Newspaper of The Weekly Ottumwa Courier, September 8, 1864, Page 2

Newspaper of The Weekly Ottumwa Courier dated September 8, 1864 Page 2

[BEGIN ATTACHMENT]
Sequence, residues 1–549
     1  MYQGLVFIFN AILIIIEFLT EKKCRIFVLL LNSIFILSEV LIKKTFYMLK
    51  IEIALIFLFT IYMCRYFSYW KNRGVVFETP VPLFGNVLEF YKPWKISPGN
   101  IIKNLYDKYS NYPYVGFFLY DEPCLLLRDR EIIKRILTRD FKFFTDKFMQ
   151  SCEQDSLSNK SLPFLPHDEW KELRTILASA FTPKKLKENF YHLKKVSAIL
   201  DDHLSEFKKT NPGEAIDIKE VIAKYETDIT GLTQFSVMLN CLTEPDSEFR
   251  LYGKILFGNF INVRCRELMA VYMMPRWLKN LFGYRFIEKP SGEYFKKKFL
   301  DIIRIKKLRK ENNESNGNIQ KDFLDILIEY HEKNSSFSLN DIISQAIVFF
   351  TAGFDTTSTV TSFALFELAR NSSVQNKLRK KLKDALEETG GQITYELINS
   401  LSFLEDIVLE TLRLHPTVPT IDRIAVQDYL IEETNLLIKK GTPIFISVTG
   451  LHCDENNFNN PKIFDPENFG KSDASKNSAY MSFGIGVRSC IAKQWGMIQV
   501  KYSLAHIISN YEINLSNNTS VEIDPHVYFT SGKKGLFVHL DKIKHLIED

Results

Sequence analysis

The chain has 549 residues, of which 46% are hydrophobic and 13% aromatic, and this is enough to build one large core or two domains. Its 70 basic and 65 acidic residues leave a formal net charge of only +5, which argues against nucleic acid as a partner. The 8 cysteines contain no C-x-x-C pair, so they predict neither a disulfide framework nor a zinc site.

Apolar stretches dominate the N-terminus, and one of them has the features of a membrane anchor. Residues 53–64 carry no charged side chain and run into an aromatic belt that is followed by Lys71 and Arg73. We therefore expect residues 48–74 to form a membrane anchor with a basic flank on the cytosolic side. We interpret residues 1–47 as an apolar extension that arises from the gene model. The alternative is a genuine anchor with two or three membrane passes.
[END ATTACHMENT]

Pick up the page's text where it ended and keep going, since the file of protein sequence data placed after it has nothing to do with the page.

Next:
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1 upl IJJ ll" TEE OTTLMWA COlIUEli. W.IOBBX*, Editor. k 4 THURSDAY Sept. 8, 1864. National Union Ticket. FOR 1'RKSIOENT, ABRAHAM LINCOLN, I"0R rice mEsroRNT, ANDREW JOHNSON. Union State Ticket ELECTORS AT I.ARFIE, BEN DARWIN, of Pes Mofnes county. \V. Q. THOMPSON, of Linn county. ELECTS*—For*TH DISTRICT. COL. DANIEL ANDERSON. FOR CONGRESS—Fourth District, J. B. GRTNNELL. i For Supreme Jmfgt, ft''®* COLE, of Polk For Secretary of State, JAM$S| WRIGHT, of Delaware oounty. President of the United States, the Com mander-in-chief of our armies and navies.— And indeed considering the composition of that convention, it would have been unrea sonable to expect anything else. A body of men composed of such materials as that was, discarded politicians of a former age, fossils of defunct organizations, men whose minds have been soured by many defeats and filled with venom by many disappoir.tments, men of whom I) dge, Jones and Mahoney from this State are fair samples,— from such men what could be expected but treason of the most unadulterated and vilest description. From the commencement of the slave hold er's rebellion thev have been in sympathy with it many have gent sons and relations to fight in its armies they have discouraged enlistments in the Union army they have threatened resistance to a draft they have discredited the National currency they have ne all they could by persistent misrepre sentation and abuse to weaken confidence in the President and all exercising civil and military trusts they have declared coercion unconstitutional and wrong they have per sistently declared that the rebels could not be conquered and have all along advocated peace and a tame surrender to armed rebel lion, by acknowledging the Southern Con federacy. That such men when meeting together in National convention should even from pru dential motives forget the past and assume even for the tiuw a new character, was not to be expected. It is true that some more prudent and politic such as Seymour and even Vallandighairj and the Woods, were more careful in the selection of their words, but the great mass, the Rynderx, Trains and the like threw offal] disguise and spoke their real sentiment*, treason of the rankest des cription. The loyal air of Chicago was made fetid with their foul ravings. And yet what a bundle of inconsistencies t|iey hjUcfied. Their nominee for tbe Prpaj deucy ha* uo merit save that acquired hy BjWfftyWNI pcv~ ilMiilBili 'jr liWlflffii ''For Auditor of State, A. ELLIOTT of Mitchell county. For State Treasurer, WILLIAM H. HOLMES, of Jones county. For Register of .State Land Office, JOSHUA A. HARVEY, of Fremont Co. For Attorney General, ISAAC L. ALLEN, of Tama county. Uaaiou County Ticket. For Cltrk of the District Court, L. M. GODLET, ofWnshington T*p. For Recorder, H. 2)w JONES, ol Center T"p. For Surveyor, G. D. IIACKW ORTH, Center f'p. THE CHICAGO CONVENTION,—If any doubts existed in regard to the character and de signs of the organization which unjustly yet arrogates to itself the ancient and honorable name tf Democracy, those doubts most be dissipated by the character of the men who composed the late Chioago Convention and the sayings and doings, and the omissions to say and do on that occasion. It was to be hoped that in the present con dition of the country, an organization which is yet for good or evil a power in the land, might have included within its membership a sufficient number of men who from motives •f policy if not of patriotism and principle, might have risen to a conception of the ex isting emergency and the requirements of the times, and influenced the party to some at least seeming deference and devotion to the great principles of civil and religious liberty and the preservation of the best government on earth. Had such been the ca*e, had even any sir a II portion of that convention made an effort in the direction of pure patriotism, we are sure all truly loyal men would have rejoiced to know the tac*, and would have gladly recognized and applauded it. But such was most emphatically not the case. No evidence whatever can be found in the sayings or doings of the Chicago Con vention, that the slightest emotion of loyal iv or true patriotism animated that body either individually or collectively. In their con 'versations, in their speeches on the streets, and in their official action in the Convention you will look in vain to find one loyal, pat riotic or noble sentiment.. There was not one. They were there in force, a multitude from all parts of the country, and yet in that vast crowd not an expression was heard which hy implication could be tortured into condemnation of the infamous crew of South ern traitors, murderers of so many thousands of northern mer, our relatives, friends or neighbors, while from every throat was belched forth the vilest epithets upon the WKUDi i ti iwi. i [II iii UiHHj.* Pfffi fighting, and yet he was made the candidate of the Peace Party. TW assassin of State rights, as Harris of Maryland said he was, is selected to lead the par excellent States lights party he man who arrested a wh.ile legislature in a lump, out Cromwelling Crom i welT in the act, is the c.ho«en champion of Mahory, Sheward, Vallandigham and the I other martyrs to Federal tyranny and arbi i trary power the man who gratuitously re commended to President Lincoln a whole sale emancipation of slaves is the exponent of the party who believe in. Ihe divinity of slavery and would sacraftce the nation to I perpetuate it and1 the n»an who two years ago reconvwaded" and urged a draft is put at the-head of the copperheads who threaten to oppose a drafr with force of arms, ft is true their electors if they elect any, as it was whispered they might and would, may not vote for McClellan, and they may yet set him aside by another convention, for which they provided hy adjtuirnm^ te- meet again if they choose, but that would only preserve thei* consistency by he perpetra tion of a fraud more infamous than the an nals of nymktad anywhere gives an account of. The fact is the copperhead leaders recog niaed the fact that they were in a minority, and under the lead of the Albany Regency went in for what they supposed an expedi ency candidate. McClellan, said they, is a military man and may get votes on that ac count, contrary to the ex|»e*tenceof Gen eral Tuttle on a similar occasion. We will nominate him and be governed by circum stances thereafter. It is plain we car. do nothing unless we can get power, and if we can succeed in the election by voting for one of Lincoln's hirelings why the end will jus tify the means, and when we get in we can do as we please. The scheme is a very preffy one, but they will find a slip between the cup and the lip. The American people will by their votes in November, veto the whole concern. The people are hi earnest about this war. They intend to prosecute it until a peace is coerced which will be a peace. They do not intend that tfeefe brothers and neighbors who have fought and many of them died in this war shall be dishonored they do not intend that the graves of those who lie buried in southern soil shall be trod and insulted bv insolent foreigners they ceitainly are not going to quit now on the very eve of success. They uave opened the Mississippi, they have planted the eagles in the verv heart of Geor gia,and in a few weeks they will take Rich mor d, and then as the crowning work they will re-elect honest Old Abe, who will pro ceed to reconstruct the Union upon the eter nal principles of truth justice and liberty. THE Two PLATFORM*.—The two plat forms, between which the American people will have to choose, at the ensuing election, will be found on the first page of this issue. The platform of the Union pirty, adopted at Baltimore on the 7th day of June last, will be found a manly, outspoken document, fairly and squarly meeting all the issues be fore the country, while the copperhead plat form will be found in every respect its oppo site, a wishy washy, non-committal con cern, not even alluding to secession, eoer tion, emancipation, re-construction or any other of the vital questions of the fearful times in which we I've, and only character ized by its want of loyalty, fts undisg«isd sympathy with the rebellion, and the ven om of its authors towards the Administra tion. Not one word of fault is found with Jeff. Davis, while they can scarcely find words to express their hatred towards the conKtitutional government of their country. It is a peaoe document, but what kind'of a peace and how attained otherwise than hy a base sm render to armed rehellion, it does not say. Read and compare these two doc uments, and vote for the one which will put down this rebellion, conquor a lasting peace, save and re-construct the union upon a fair and equitable basis, and root up and destroy the cause of the rebellion. ,fc .... EDTTOB COURIBR—Permit your columns to correct a grossly wrong im pression that some persons have got, either through false impressions or a desire that it should be so in regard to a lock of care oft neglect of duty on the part of my Deputy, II B. Jones, in connection with the escape of my prisoners. McComb and Taylor.— There never could be a charge more unjust and unfair than to attach the least blame to him in the matter. He has, as Deputy, in every particular in my absence, managed the affairs about the jail strictly in accord' ance with my directions, and any misman agement in regard to trusting the keys where ray family could have access to them is attributable to no one but myself, ard any effort to implicate him in the matter is got ten up for no other than political purposes by designing men or want of knowledge of the facts, and I sincerely hope that at least no friend of mine or his will suffer them selves to be prejudiced by the«e false im pressions that are afloat. have no desire that any other person should bear any part of the blame for the neglect or proper pre caution in keeping the keys out of reach of tbe bff* G. A. DERBY, i Sheriff of Wapello county. Hon. John Wentworth has been nomina ted by acclamation as the Union candidate for Congress in the Chicago District. Mr. Wentworth represented that District, then much larger than it now is, three terms in succession, being first elected in 1843. He was then a democrat. In the best significa tion of the term, he is a democrat still.— What kind of a democrat he is will be seen by reading his speech in reply to Vallandig ham, delivered in Chicago last week, and printed on the first pajre of this paper. We shall publish another of Mr. Wentworth's speeches next week. VOTB ON TIIE CABS .—A vote was taken on the train on the«C. B. & Q. R. R. that ar rived here Monday night with the following result: i n o n 0 McClellan. Fremont 1 A vote wos then taken among the ladies, which summed up thus: Lincoln 35 McClellan.^ 8 Fremont,... 8 The most of the tadfes iftfl for Lip coin, of ooqrse. The dear creatures are "sound."—IJawkeye, 1th. The P. 0, box qf the loir* Association at Washington ujty is 7H, not 572- h• D. Ingersoll, not E. 11. Talbot, ia the'Corres ponding Secretary. New* of the Week. Sherman has taken A tlanta, with a large number of prisoners, some of the dispatches say 15000, others 1500. Hood's army was cut in two, and scattered. The magazine in Atlanta was blown up and an immense amount of ammunition destroyed. Also 7 locomotives, 81 cars loaded with ammuni tion, small areas and stores, were destroyed and 1+ pieces of artillery mostly uninjured were left. Gen. Sheridan vepoffe •BHCT8 ewptge. ment between Gen. Cook and a superior force of the enemy at Perryville, on Satur day last, in which the enemy were repuls ed every time. At the same time firing was heard in the direction of Bunker Hill, sup posed to be Averill advancing. The President bv proclamation recom mends that thanksgiving Se offered for the successes of the National Army at Mobile Harbor and in Geoigia in aU churches, on next Sabbath. By order of the IVesidwit 100 guns were fired at the principal military posts through out the country in honor of recent military successes. KILLKD.—The Council Bluffs Nonpareil states that a young man named Scott, from near Fairfield, Jefferson county, white- pass ing over the plains, accidentally shot him. self dead while taking his Raddle from his horse. His comrades buried him. on the south side of the Platte river( about miles west of Fort Kearney. natv Hon. A. W. Hubbard has been re-nomi nated for Congress in the fith District. Hen ry Clay Henderson was nominated for Elec tor upon the Union ticket. Jnrttre ITuhharil has made a splendid record fbr himself dur ing his past term as a member of the House, and his re-nomroation, and consequent re election are but a proper reward for the Hon. gentleman's able and faithfuA discharge of his duties. Hon. Rev. Henrr Clay Dean, of dirty Knen and Copperhead notnfietv, it is rumored witt remove to Chicago. The Hawk-eye learns that the health committee of that city have declared that he cannot take up his residence within the corporate limits until he changes i s o e s I.I..IM I IUI'1 mill '•». I I Statement by flic t?otint? Super intendent. From January 1st to September !M 18R4, one hundred and ten persons have applied for Teacher's Certificates—10 gentlemen, 91 ladles. Of thes.s applications fourteen were declined on account of deficiency as to the requisite quttifications. Twelve certificates were granted for the short term of four months, forty certificates for eicrht months, and fifty four for one year. The above in dicates the gradation of certificates. Those given for one year are No. 1, for eight months No. 2, for four months No. 3. Plans have been furnished for ten new sohool-bouses in different parts of the coun- A commencement has been made toward visiting the schools of the county, as now required by law. Sixteen schools have been visited, spending usually a half day in each notins the situation, size and furniture of the school-hou«e the order, diligenoe, and at* •ainments of the scholars the diligence, tact and thoroughness of the teacher and the methods of instruction and government in nse in the school, making such suggestions to pupils, teachers, and Directors as may seem appropriate. The Superintendent notes with pleasure the uniform courtesy and cordiality with which his visits have been re ceived. He hopes to continue them until every school-house in the counfy- has been reached. Each sohool officer is entitled to a copv of the New Sohool Law (of 1864). Apply to the undersigned, or to the County Clerk.— The time is just at hand when the annua) Reports of sub-Directors and Secrataries sre required by law of the former between the 10th and 15, of the latter from the 15th to the 20th of September. Public examina tion of teachers the last Saturday in ^ch month, commencing at 9 o'clock. ,, J. M. MCELUMT. County Superintendent. •nr Public Debt. The following is a correct statement of the public debt, as appears from the books, Tnasurer's returns and requisitions on the Treasury Department on the 30th of Au gust: Debt bearing interest in coin, $889, 899,491, 80 interest $53,342,479 90 Debt bearing interest in lawful money $469, 199,004.61 interest, $24,204,642 33.— Debt on which interest haa ceased, $327, 470 09 debt bearing no interest, $519,111, 267 40. Total amount outstanding, $1, 878.565,23390. Total interest, $77,447, 122 23. The unpaid requisitions amount to $78,795,000, while the amount in the Treasurv subject to draft, is over seven teen millions. The amount of fractional currency in circulation is nearly twenty four and a half millions. CAMPAIGN DOCUMENTS.—The Union Con gressional Committee will immediately is sue the following document* for distribu tion among the people: 1st. McClel'an's military Career reviewed and exposed.— 2d. George H. Pendleton, his disloyal rec ord anj antecedents. 8. The Chicago Copperhead Convention and the men who composed it. 4th. Base surrender of the Copperheads to the rebels in arms. 5th.— The military situation and the glorious achievements of our soldiers and sailors.— 6th. A few plain words with the heroic private soldier on the history of McClellan. 7th. Arbitrary arresfof the Maryland Leg islature.* 8th What Lincoln's Adininis rat ion has done. These documents will be printed in English and German, for $2 per hundred. Let the loyal men everywhere send their orders to Qon. James Harlan, Washington, D. t\ RAIROAD ACCIDENT.—We learn that the train on the C. B. 4 Railroad, due at this place yesterday morning, had a "smash up," eight miles east of Mendota. It is reported that four or five persons were killed, and seven or eight wounded. Those injured were emigrants.—Hawk-Eye, 7th. TIIK CITY TO BB LIT WITB GAS.—We leain the city is to be lit with gas hereafter, a step the convenience of which will be ack nowledged by all. The dark and rainy nights of Autumn will soon be here, and the streets, comfortless, gloomy and wet, will be more tolerable, illumined by the oheerful raya of the burning lamps.—Hawk-Eye. il'JIIff-jISPliP "mm: iwwiiiiiiiwiitiwi 11 nirtr iifr.HBri»*«»*aawfchM mtmMe The War. The Cup!life of Atlanta.' NEW YOKK, Sept. 3. The FTerahTs Washington special, Sep tember 2d, says vThcre is great rejoicing in Washington over the news that Atlanta is in our possession. It appears that while the rebel cavalry hive been operating upon Sherman's rear, that officer has been pro ceeding with, hia movements successfully, at 11 o'clock this morning entered the city of Atlanta and found that his combinations had compelled its evacuation by Hood. The transmission of this intelligenoe over the wires, which have boca cut for several days, proves that Rousseau has been successful in his efforts to dislodge the cavalry expedition of Forrest, Wheeler and Morgan, and frwen them from the road. "The capture of Atlanta secures the pos session of the whole State of Georgia, and renders the condition of the rebel leaders more desperate than ever before, Ifc was by an apparent retreat—one of those masterly strategic movements for which Sherman has been noted—that he has been enabled to achieve so briifeianA a result. "It is now well known that Hood has ad ded materially to his strength by a conscrip tion of numerous boys and old men, who, behind the works, could render very good service. Outside of the works, this very strength would prove a great weakness and a terrible cost of powder and provender.— The purpose of Sherman in the movement which besran on the night of the 26th, was to deprive the rebel commander cf this strength and his protection of the works at Atlanta. Tn other words, Sherman hoped^by flanking Atlanta, and cutting off his supplies, to force Hood out to fight, and thus, with hia largely preponderating force of veteran troops, to whip him in an opon field. With this view, Sherman moved orv'the night in question with 20 day's rations and all his array, ex cept the 20th Corps (SJocnm's), which had been withdrawn from the front of Atlanta to the Chattahoochee bridge, there to remain as a corps of observation, and to occupy Atlanta in the event of Hood abandoning it, and also employed to look after the communications and hurry forward by wulroad supplies to whatever new position Sherman might as sume. The army is reported to have moved in the following order: 23d Corp*, (Scho field's,) in the advance, followed by the 14th (Davis'), the 15th Logan's), the 16th (Ran som's), the 17th (Blair's), and the 4th (Stan ley's), in the order named, all making a flank movement, with strong skirmish lines on either flank and in the front and rear. East Point was left to the east, and at dawn Sherman found Hood gone." Official Dfapsitthee* WAR T)F.PARTMRNT.) WASHINGTON, September 2. To Major General Dix: This Department has received intelligence this evening that General Sher .lan's ad ranee entered Atlanta at noon to day.— The particulars have not yet besn received, but telegraphic communication during the night with Atlanta4»rect is expected. (Signed) E. M. STANTON, Secretary of War. LATEB. W AR' DKPART^WTT.) WASHINGTON, Sep 3. To Major General Dix: The following telegrnm from Geoeml Slo cum, dared this day in Atlanta, and just re ceived, confirms the capture of that city: "General Sherman has taken Atlanta.— The 20th Corps occupies the city. The ina'n army is on the Macon Road, near Ev=t Point. A battle wa^ fought near that point, in whioh fJenpral Sherman was successful. The partfoulars not known. (Signed) 'H. W. SLOCUM. Mnj. G'n An unofficial report states that a battle WSR fought near East Point by General Sherman with Hood. The rebel army was cut in two, with very heavy losses to the enemy, and Genertl Htrdetwas killed.— Our loss is not known. '{Signed E. M. STANTON, Secretary of War. WAB.DKPAnrMBirr, ''"WASHINGTON Sept. 6. To Gen. IM* A dispatoh from Gen. Grant just received gives a statement from the Richmond Er arainer of this morning that John Morgan was surprised and killed and his staff cap tured at Greenville, Tenn. yesterday. An unofficial dispatch received by this Depart ment this morning from Lexington states that Gen. Gillen had an official report of the surprise and defeat of Morgan at Greenville that John Morgan was killed and his staff captured from 50 to 100 rebels killed, 70 prisoners taken and one gun captured. This report being confirmed by the Rich mond pancrs, there is no room to doubt its truth. In honor of the capture of Atlanta, Gen. Grant yesterday ordered a salute to be fired with shott guns from every battery bearing on the enemy. Nothing has been received by the Depart ment from Atlanta since the 4th inst., r.or anythin south of Nashville on account of the derangement of the telegraph line by the prevailing storm. No movements of importance have taken place in the Shenandoah valley. (Signed,) E.M.STANTON, Sec'y of War. PASS HIM ROUND.—An itinerant printer, calling him«elf Frank Seaman, who pretend ed to hail from Davenport, on Saturday night last stole several article a of clothing, and $11 in monev, from some of the com positors of this office, and then left town. He is about five feet ten inches high, has dark ha:r, light brown eyes, when he shuts his mouth his front teeth will not come to gether, one or two of his upper front teeth out, had a thin moustache, a large forehead, and is about twenty-five or thirty years of age. The press will do well to look out for him, as he is a scoundrel and a thief.— Hywk-Eye, Burlington. The Hawk-Eye says the demonstration at Burlington upon Saturday night over the capture of Atlanta, was one of the largest and most enthusiastic ever held in that city. Speeches were made by Henry W. Starr and Senator Grimes, and the whole proceeding was a refreshing exhibition of earnest patriotism- One of the Kentucky delegates to the i Chicago Convention served three year* iu the rebel army anl is now under bonds to our authorities in the sum of $20,000. IF Day of Ttis*iik«friviiig. Executive Mansion.£ Washington, Sept. 8. The signal sucrose the Good Providence has recently vouchsafed to the opeiations of the U. S. fleet and army in the harbor of Mobile, and the reduction of Fort Powell, Fort Gaines and Fort Morgan, and the glo rious achievements of thp- army under Gen eral Sherman in the State of Georgia re-' su'.ting in the capture of tho city of Atiaota, call for devout acknowledgements to the Supreme Being in whose hands are the des tinies of nations. It is, therefore requested that on next Sunday in all places of wor ship in the United Stater, thanksgiving be offered to Him for his mercy in preserving our national existence against the insurgent robels who have been waging a cruel war against the Government of the United States for its overthrow and also that pray be made for Divine protection to our sol diers and their leaders in the field, who have so often and so gallantly periled their lives in battle with the enemy, and for bless ing and comfort from the Father of Mercies to the sick, wounded and prisoners, and to the orphans and widows of those who have falten in the service of their country, and that He will continue to uphold the govenv ment of the United States against all ef forts of public enemies'and silent foes. (Signed,) ABRAHAM Lmoout, Proclamation. WHERKAS, It appears by information de rived from Undoubted authority that refu gees from the rebel army, guerrillas, and bushwhackers heretofore engaged in war fare against tho authority- of the Federal Government, and guilty of th.ij murder and robbery of Union men in the adjoining S*ate of Missouri, are now daily coming into Iowa across the Southern border, ostensibly fbr the purpose of becoming! citizens, but well armed, and with the real purpose, as secret ly avowed, of ultimate mischief when a fav orahie opportunity shall be presented and WHEREAS, The influx of such a popula tion, leaving Missouri to escape the vigilance of the constituted authorities, into this State must be regarded as highly nexpe3ent and dangerous to our peace and safetv and whilst it is now and ever has been our policy to encourage *he emmisrrat'on into this State of industrious, law abiding persons, to the end that our population may be suitably increased and our territory become settled and improved, yet in these times of inrvni nent peril public security forbids that our State shouhbbecome an asyVim for out-laws and a home for men whn«e nefarious crimes, perpetrated in bold defiance of both civil and military a*tfharittesv have rendered their names a terror to tho peaceful and toy a) peiple in the communities from which thev are now endravoring to escape and W*W5RE\s, Arson, robbery, and" other enmes, the work of these lawless men, are of such frequent oooorrence in the-sauth em counties of this State as to create a gen eral feeling of insecurity among the-inhabi tants thereof Therefore, f, W. M. STONR, Governor of the State oflowa, do hereby-, in the name and by the aurthori'v of the. people thereof, forbid asylum in this State to the class of' persons herein designated, and especially- in the southern counties so ea^y of acress to them nnd all peace-officers in tho flrsr and second tiers of counties on the southern lxvr der, and in the oountv of Pottawattamie* on the western border, and all officers of the State Militia, are ooinmanded to stop and detain all suspected persons coming into the State from those directions until they can give a satisfactory account of themselves by let'ers from or references to known and re liable men, or otherwise show tint th\v en ter this State for a lawful and proper pur pose and upon faihire to furnish such evi. dence the persons so detained must be turned back and rt fused permission to re main in the State. And it ia hereby striot ly enjoined upon all officers aetfnghvau thority of this Proclamation to observe great caution in discharging the duties herein as signed them, that no pr»raon traveling with good intentions and for a lawful puroose may be interfered with, and that the public highways and lines af inter State communi cation be not needlessly interrupted. In testimony whereof, I have hereunto set my hand and eaused to be affixed the Great Seal of the State of Iowa. Done at Des Moines, this 20th day of August, A. D. 1864. W. M. STONE, Governor. By the Governor. JAMBI WBIWIT, Sec'y of State 6en. Join* A. JLogaji. A strong effort was made to induce Gen. John A. Logan, of Illinois, to accept the nomination for Vice Presi dent on the Copperhead ticket. John B. Haskin, ex-raember of Congress from New York, and a personal friend of Logan, wrote him, some weeks ago, an urgeut letter to allow his name to go before the Convention for Vioe i'resident. Several other prominent politicians wrote him on the subject. Haskin sent him a second letter, stron ger, if possible, in language than the first one, beseeching him to be a can didate, and assuring him of the hearty sopport of the New York and other eastern delegates. Oen. Logan un qualifiedly refhsed. He told those gen. tlemen that he did not TIIAT CROWD TRA.IN WITH that he was a War Democrat—not a peace sneak that be was opposed to bowing down and supplicating for forgiveness at the ieet of Jeff Davis*, that he was for an hon orable, permanent peace, whioh could only be obtained by over-throwing armed rebellion, and compelling the insurgents to yield obedience to the Constitution and th« laws, and that he would never consent to make peaoe on any terms that did not embraoe a complete restoration of the Union, in all of its territorial integrity. MKBIT WILL NOT uo L'NBBWABDBO, though sometimes justice may seem to be tardy (n the case of Dr. D. H. Seelye. who dis coyered the Liquid Catarrh Remedy which has cured thousands who had almost given up hopo uf cure, it has been thus but dur ing the last year in the unprecedented amount of sale* to inhabitants of nearly eve ry cljrae. do the people acknowledge the i value of his lung study «nd great learning. a 1 JY£EILCII ANTS' DESPATCH. NEW- HARDWARE AND i I O N S O E A YD soirrn- WEST, Rxnrarda Qaod* In LCM Thee than AM Ottiw Line, except the Regnlar Estpr«a«, At Regular It ail road Rnte». ,: Only one change of cars from NEW YORK TO OTTUMWA, and point* W«*t and Se^tfc. Mark all Pack»|M "MERCHANTS, DESPATCH? Aat tott Dapat, e*MMr RirfM aaf Vhmm. as streets. New York, and Western Railroad Depot, Boston. Through receipts will be given at New York offlce, 1& Murray street, by A. II. Llvlnireton, Agent. At Boston office, 79 Washington street, by Q. O. KIDDER, Agent. i R. w MILLAR, Cup t, Buffalo. TOM C. HARKINg, Agsnt, OUnmvt, Iowa Sept 1,1*64—24-16 tf rp B. WEBER & CO, MuiftuliNri u4i vMtnk Deilm te BOOTS & SHOES Me •, UK ITtHT, (Oftbfs •)•*, THF. CHICAGO, Illinois. T. B. WEBER, 0, W. W KB Eft, ftspt. l,l%W-tf OTTUMWA SEMINARY AND NORMAL INSTITUTE. Rev. 1. M. McKLROY, I Mr. H. L. McOlNITIE. 1 Prlnetpah, Jhe ne*t school year commences on Monday, September 6tJ», 1864. The tuition will be from $5 to $7 per term often weeks, payable In advance. No pupil will be admitted who is not sufficiently advanced to study written arithmetic, nor for less time than a half term. A new feature In the Institution will be a Teach er's Class for those who desire to prepare for. or perfect theumtlvdn in, tbe art of teaching, the course having special reference to the requirements of he School Law for Teacher's Certitycate*. The ..umb»r of pupils will be limited In no e*ceoding «l«ty flve. It is earnestly requested that pupils be pres ent at the beginning of the term. For further information see printed Circulars or apply to either of U*e I'riueipaW,. i Aug. 4, 1664-tr PLast RORATE NOTICE: Will and Testament of £. if. Gefefcart, dee'd, |n the County Court of Wapello county, Iowa—M Present T. Higliam, County Judge. Notice is hereby given Hint on the 1st day of Au gust, A. O. lbM.a n instrument of writing purporting to be the last will anl testament of K. M. (iebilart, deceased, was produced, opened and read In open 0 urt, and that the Brst Monday inOctobet, 1-vtH, being the 8d day of said month, is fixed by the Court the day oil which proof of the genuineness of said Will will be heard, at which tiu^e and place al)per sons interested may be heard. T. B1U11AM, County Judge. Publish four weeks in the Ottumwa Weekly Cour- Aug. 18, ISM. HOUSE Owuity *««•. ATFD TWO LOTS FOR tALK. The subscriber offwrs fpr sale his Dweiiiqg House and two lots, eligibly situated in the city of Ottuai wa. Five ropmsln ti|e huuse, a guqd well, cisterr. and stable, UK)grape vines, .V) fruit trees, shrubbery wa. five ropmsln ti|e huuse, a guqd well, cistern It 1 Ac. Will be sold at a bargain. Enquire at the t. Charles Hotel, of JOHN N. tMMQDjS Of J. HAWLKY Sen., at the store of Hawley Ottumwa, Aug. 20,1664 8w. iLNJ^^^ClOQDS. HEXftT & HAW, Have ju** opened their splendid assortment of goods, in E WASHBCRH'S new buHdfogt They have a full stock of lEOl, STEEL» Nails, Wagon Timber, SUELE & HEAVY HARDWARE, crri.ERY, Aad Everything Usually found In A FIRST CLASS HARDWARE STORE. Ererykody IPcordlallf tavttai to eall an* ftaanlac Mr Meek aa*prie«a. CoantryJMelrchanta St a imall Advance. IlKNKY HAW. Sept. 1, 1M4-S41WW K U Oltumwa, IaM% 111'it !. Ml 11 'll'Wl! urtl GET THE I have now on hand a full stock of the iliitilran rrrrmn Company, Proprietors. From NflW YORK. AND BOSTON T« all polnl* mtHe CELEBRATED QUINCY STOVES, and am prepared to OFFKR OITE.ATKJI LNUUC^&NTS TO BUYERS thai sa» '»e had. elsewhere, Hy assortment ok QQOK. AND HEATING STOVES Both fbr Wood ami Coal is the best to he found any whet%. EVERY STOVfe IS WARMXNTED^, am prepared to put up at short notice the StewAjt Stows* uinph, or any-other of the tirst-class Cook S oven. TIB WARS, OF TH i BEST QUALITY. Castings of all kinds. Sheet iron, Sad-irons, Brass fettles, Enameled r^?""f!d iron taken in exchange for goods. '.kumoAVj'b, Sept. ,: .LKkJ ti'/.'T Kett)e% J. VT. NORRtS, P. PEDLER'S WAGON FOR SAU$ A two horse puller's wagon for sale Cheap. GEO. H. 8HEFFKR. Ottumwa, Aug. 35, lS64-tf PIRST NATIONAL RANK i T.g r? la jKjje. THFJ O. K. ETTERS REMAINING UN-^ ^cln lined In the Post Offica at Ottumwa, State I Iowa, 7th day of Sept, Hell Nancv K Mi s Blake & To Cnssell John N 2 Crose Mary A Compton Siirati Davis Win Hutching .1 Llendrix Hannah Houdl Lucy E Mis-: Harris Bl«nda M* v Mcl'hcrson McVay Li'tH irks D.ivid -I ils Leonard Prae«itn Louisa Mist Spra-iue 0 8 A 3'" Taylor Margaret ijj WehV V /wf OF KEOKITK, IOWA* De»ignate»l Dspntitory and Financial Agent of tiu United States. S O .v. S. i0-40 BONDS. Thtae Bond# ar« Krtm/it f*m Tarnation by any Stnie or Municipal authority. Subscriptions t-n these Bonds ar* reeeived fn tiiorr Mfi'h Jol­ lied States notes or notes of the National Banks.— They are to Bt kkdkkmcd im coin, nt the pleasure of the Government, at any period not Uhh t/nm 1tn thtm .twrtj/ pturn nor. from their d«te, and until iheir redemption riva mi oiht intkhkst will bk paid is com on Bonds of fifty aud a hundred dollar* annually on Bonds of five hundred dollars and over •pemi-annually. The interest is payable on the first jday of March and Septembei in each year. As these bonds are exempt from municipal or State Itaxation, their value is increased from one to three per cent per annum, according to the rate of tax levies in various parts of the country. At the present premium on gold they pay better than any other investment that can be had at par. Subscribers will receive either Registered or Cou |pon Bonds, as they may prefer. Registered Bonds are recorded on the books of tbe U. H. Treasurer, and lean lie transferred only.on the owner's order. Cou pon Bonds are payable to bearer, and are more con venient for commercial uses. These Bands may be subscribed for in sums frpn^ j|fo up to any magnitude, on the same terras, and are thus made equally available to the smallest lender mid the largest capitalist. They c*n be converted into money at any moment, and the holder will have the benefit of the interest. Subscribers to this loan tvi|l have the option cf having their Bonds draw Interest from irch 1st, by paying the accrued interest In coin—(or in Uni ted States notes, or the notes of the National Banks, adding fifty per cent for premium,) or receive thein drawing interest from the date of subscription and deposit. Drafts on St. Louis, Chicago, and New York will be received in pavmeut of subscriptions to tbisloau. The usual commission allowed to Banks and Bankers. THE FIRST NATIONAL HANK OP KEOKYIK Peals In all classes of U. S. Bonds. Inteiest Ceupoiji of all klpds or y. S. R^nds bought or collected tfov erument Touchers, Orders on the U.S. Paymaster for Bounty or Back Pay, cashed or collected. KXCHANUK on ail the principal cities, and Gold and Silver bought and sold. INTERNAL REVJCNUE STAMPS Of all denominations for sale. A discount oitjpt cent made on sales of $100 and upwards. M.K.LOV*, Presj K.B.fOOTf.OHlder, Aug 4^ ^INWARE FACTORY, WASHBURIf,^ *»•»?. OTTUM WA. |UWA 1 Ia prepared te «li or k Ma, "W1 a|i orders tor COPPER, TIN AND COOJK, JUEftOfcEN E A I •At FAOTOKY FRpW. |3P"RTer/ article warranted^ o u w a u n e 1 6 6 4 $